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Ofcom taken to a judicial review

A high court hearing has decided that former TalkSport presenter Jon Gaunt has an “arguable” case against Ofcom, for breaching his right to freedom of expression under the Human Rights Act.

Last year, the regulator ruled that Gaunt had fell foul of the Ofcom broadcasting code during a 2008 interview with Michael Stark, the head of childrens services at Redbridge Council.

In the live heated debate, Gaunt branded Stark as a “Nazi”, a “health Nazi” and an “ignorant pig” over plans to ban smokers from fostering children. Ofcom received 53 complaints and Talksport fired the presenter ten days after the interview.

After two-and-a-half hours at the high court, Mr Justice Stadlen decided that the case was worthy of taking forward to be heard fully at a two-day judicial review.

Now a presenter at internet station SunTalk, Gaunt blasted Ofcom as an unnecessary regulator after the hearing, saying: "We don't need Ofcom, we have got an off switch. We have an draconian, unelected, expensive to run quango of do-gooders who can stand there and say 'this is good taste and decency'. We don't need them.”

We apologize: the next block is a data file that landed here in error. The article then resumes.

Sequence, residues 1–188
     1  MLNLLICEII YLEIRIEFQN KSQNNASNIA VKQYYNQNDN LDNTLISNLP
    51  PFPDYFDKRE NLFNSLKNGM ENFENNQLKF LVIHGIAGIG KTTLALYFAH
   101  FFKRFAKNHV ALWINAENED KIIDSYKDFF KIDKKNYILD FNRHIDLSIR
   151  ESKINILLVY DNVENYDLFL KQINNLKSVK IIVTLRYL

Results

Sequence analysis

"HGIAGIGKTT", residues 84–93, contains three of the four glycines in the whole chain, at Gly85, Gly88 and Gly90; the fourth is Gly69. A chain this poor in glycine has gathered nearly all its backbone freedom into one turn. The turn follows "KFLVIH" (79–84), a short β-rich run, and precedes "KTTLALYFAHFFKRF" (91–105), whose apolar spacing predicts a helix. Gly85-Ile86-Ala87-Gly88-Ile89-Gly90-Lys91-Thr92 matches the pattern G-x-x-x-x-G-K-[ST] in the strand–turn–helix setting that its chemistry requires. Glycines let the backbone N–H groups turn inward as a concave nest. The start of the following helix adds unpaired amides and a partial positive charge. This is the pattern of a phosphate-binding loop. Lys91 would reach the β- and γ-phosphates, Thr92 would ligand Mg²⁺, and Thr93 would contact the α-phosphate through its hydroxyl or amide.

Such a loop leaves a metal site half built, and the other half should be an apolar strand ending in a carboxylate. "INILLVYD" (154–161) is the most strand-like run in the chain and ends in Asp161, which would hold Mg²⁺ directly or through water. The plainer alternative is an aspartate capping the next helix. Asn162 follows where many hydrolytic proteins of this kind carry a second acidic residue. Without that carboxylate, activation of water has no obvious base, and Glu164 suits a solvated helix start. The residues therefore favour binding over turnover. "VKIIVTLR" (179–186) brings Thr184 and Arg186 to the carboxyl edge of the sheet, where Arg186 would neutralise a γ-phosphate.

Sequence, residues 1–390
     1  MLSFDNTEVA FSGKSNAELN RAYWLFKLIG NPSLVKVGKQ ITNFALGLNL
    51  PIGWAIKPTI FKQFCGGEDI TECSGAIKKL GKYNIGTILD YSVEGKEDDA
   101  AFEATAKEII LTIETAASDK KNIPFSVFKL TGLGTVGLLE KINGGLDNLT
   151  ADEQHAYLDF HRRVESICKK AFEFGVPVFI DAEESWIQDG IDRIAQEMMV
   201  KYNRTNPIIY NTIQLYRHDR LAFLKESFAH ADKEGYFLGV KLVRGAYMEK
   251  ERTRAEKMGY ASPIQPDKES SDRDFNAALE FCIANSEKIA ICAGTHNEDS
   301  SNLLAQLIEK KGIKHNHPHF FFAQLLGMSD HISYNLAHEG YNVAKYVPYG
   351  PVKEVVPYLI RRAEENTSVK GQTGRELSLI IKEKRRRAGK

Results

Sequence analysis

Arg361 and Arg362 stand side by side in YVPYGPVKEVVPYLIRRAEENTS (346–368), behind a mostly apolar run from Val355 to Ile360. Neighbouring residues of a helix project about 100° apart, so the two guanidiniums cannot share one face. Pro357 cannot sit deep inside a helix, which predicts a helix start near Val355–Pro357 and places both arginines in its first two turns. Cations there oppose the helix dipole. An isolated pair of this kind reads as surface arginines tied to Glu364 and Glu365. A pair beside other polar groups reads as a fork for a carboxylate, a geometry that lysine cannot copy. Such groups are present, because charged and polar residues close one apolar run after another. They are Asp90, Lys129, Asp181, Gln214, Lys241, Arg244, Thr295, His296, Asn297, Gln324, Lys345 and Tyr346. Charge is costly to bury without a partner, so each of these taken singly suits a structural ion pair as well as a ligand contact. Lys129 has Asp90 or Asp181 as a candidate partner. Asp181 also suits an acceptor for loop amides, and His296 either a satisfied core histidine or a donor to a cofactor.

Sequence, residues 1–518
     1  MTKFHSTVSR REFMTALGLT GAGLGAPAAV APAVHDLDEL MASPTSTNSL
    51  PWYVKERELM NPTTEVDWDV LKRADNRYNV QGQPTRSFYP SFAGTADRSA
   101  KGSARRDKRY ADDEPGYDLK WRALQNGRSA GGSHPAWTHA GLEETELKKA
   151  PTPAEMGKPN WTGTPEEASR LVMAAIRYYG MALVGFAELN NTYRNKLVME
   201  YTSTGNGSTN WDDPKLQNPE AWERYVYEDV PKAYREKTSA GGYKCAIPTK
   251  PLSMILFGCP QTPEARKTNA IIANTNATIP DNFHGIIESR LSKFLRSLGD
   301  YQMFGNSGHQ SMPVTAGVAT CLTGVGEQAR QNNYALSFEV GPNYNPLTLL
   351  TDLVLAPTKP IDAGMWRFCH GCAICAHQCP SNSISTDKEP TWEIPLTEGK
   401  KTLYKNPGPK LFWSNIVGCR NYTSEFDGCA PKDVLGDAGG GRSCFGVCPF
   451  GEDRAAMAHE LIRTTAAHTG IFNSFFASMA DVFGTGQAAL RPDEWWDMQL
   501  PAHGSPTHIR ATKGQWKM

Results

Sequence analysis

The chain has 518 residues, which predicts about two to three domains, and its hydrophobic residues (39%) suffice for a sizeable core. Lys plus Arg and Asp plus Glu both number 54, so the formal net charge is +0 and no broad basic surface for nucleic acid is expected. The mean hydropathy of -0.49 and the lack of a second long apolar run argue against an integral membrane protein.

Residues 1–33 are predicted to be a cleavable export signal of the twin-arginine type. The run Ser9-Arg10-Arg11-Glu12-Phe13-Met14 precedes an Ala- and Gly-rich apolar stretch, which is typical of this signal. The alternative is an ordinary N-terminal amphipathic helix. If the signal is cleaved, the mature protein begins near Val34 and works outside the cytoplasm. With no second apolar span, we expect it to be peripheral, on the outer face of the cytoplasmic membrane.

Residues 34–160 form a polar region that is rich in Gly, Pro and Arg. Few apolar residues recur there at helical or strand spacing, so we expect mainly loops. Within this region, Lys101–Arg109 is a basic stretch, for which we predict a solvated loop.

Ofcom’s representative in court, David Anderson QC, believed it was inappropriate to invoke the human rights act in this case, as the programme degenerated to a point where it wasn’t an interview and more of a succession of bad tempered insults.

A spokesman for the regulator said “Ofcom's role is to decide whether a particular broadcast is in breach of generally accepted standards in the Broadcasting Code. In this particular broadcast, Ofcom decided that Jon Gaunt went too far with offensive language and a bullying style.”

Gaunt’s barrister, Gavin Millar QC, said the presenter's choice of language didn’t merit censure by Ofcom. He said: "In the 21st century, in a heated debate with a politician, to call them an ignorant pig is not the stuff of an intervention by a regulator. It's not offensive material of the sort."

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